Hematuria, especially in the outpatient setting, can arise from a variety of causes, ranging from over-exertion to bladder cancer. The first step in the evaluation is to consider the anatomical source, based on symptoms, casts, and RBC morphology. See below for the various causes of hematuria and clues to the etiology:
Glomerular: Acute GN can present as sudden onset of hematuria, proteinuria, RBC casts. RBC casts are pathognomonic for glomerular disease. Absence of these findings does not r/o glomerular disease. Look at the urine, as dysmorphic RBCs point to the glomerulus. Blood clots are a clue that this is NOT glomerular, as the urokinase and TPA activators in the glomeruli and tubules prevent clot formation.
Renal (non-glomerular): 90% of tumors are renal cell. Only 4% of renal cell cancer cases occur before age 40. Early detection may greatly improve survival. PCKD and hereditary nephritis can also cause hematuria.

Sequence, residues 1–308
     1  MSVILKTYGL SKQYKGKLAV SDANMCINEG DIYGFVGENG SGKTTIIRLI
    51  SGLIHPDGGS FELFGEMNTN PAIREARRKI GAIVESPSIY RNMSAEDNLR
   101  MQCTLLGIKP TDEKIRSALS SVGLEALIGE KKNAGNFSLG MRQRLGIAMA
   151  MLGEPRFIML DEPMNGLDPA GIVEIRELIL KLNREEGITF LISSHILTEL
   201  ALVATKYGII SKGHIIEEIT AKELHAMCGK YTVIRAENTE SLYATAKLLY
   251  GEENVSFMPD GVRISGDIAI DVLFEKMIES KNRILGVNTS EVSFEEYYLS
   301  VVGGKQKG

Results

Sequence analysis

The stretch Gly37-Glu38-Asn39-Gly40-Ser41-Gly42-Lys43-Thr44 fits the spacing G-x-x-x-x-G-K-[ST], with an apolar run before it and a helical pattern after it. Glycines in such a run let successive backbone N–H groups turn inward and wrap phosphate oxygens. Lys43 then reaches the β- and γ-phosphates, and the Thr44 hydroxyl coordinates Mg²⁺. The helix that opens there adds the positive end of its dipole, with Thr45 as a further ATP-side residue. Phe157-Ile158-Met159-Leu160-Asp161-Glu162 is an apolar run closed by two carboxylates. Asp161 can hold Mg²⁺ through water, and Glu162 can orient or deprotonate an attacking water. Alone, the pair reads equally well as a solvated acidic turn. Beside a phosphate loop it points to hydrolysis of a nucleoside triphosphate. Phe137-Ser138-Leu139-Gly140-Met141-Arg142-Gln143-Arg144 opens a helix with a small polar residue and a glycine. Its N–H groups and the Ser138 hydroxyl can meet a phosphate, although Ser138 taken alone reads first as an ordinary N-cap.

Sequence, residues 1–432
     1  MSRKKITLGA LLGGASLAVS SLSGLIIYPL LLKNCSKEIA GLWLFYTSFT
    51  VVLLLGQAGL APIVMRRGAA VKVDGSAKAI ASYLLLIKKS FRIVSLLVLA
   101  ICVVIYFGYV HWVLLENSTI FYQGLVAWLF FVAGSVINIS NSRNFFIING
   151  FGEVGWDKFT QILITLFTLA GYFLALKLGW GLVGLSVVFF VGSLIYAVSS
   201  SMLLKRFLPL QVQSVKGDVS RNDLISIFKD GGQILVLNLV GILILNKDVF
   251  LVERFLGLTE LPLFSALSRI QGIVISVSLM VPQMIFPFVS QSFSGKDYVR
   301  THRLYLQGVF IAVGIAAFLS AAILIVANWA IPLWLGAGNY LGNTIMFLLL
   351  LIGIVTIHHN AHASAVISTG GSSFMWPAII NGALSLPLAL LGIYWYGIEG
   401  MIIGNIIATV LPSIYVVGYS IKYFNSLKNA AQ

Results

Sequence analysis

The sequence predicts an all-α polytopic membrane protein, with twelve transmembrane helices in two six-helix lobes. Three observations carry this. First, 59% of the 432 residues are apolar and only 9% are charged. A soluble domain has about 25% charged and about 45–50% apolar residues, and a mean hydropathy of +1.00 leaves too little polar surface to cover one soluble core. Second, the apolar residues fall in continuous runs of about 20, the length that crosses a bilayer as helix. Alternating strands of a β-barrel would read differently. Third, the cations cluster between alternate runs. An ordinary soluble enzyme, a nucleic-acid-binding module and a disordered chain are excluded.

Postrenal: Consider stones, infection, cancers. Excellent prognosis for TCC if detected early, although 22% of cases of transitional cell cancer are not associated with hematuria.
Hematologic: Therapeutic anticoagulation or antiplatelet therapy does not cause hematuria. Must r/o underlying disease. Pts with sickle cell trait or disease are at risk for papillary necrosis causing hematuria.
Other: Exercise or trauma (the Foley!) induced hematuria, endometriosis of urinary tract, “loin pain hematuria”.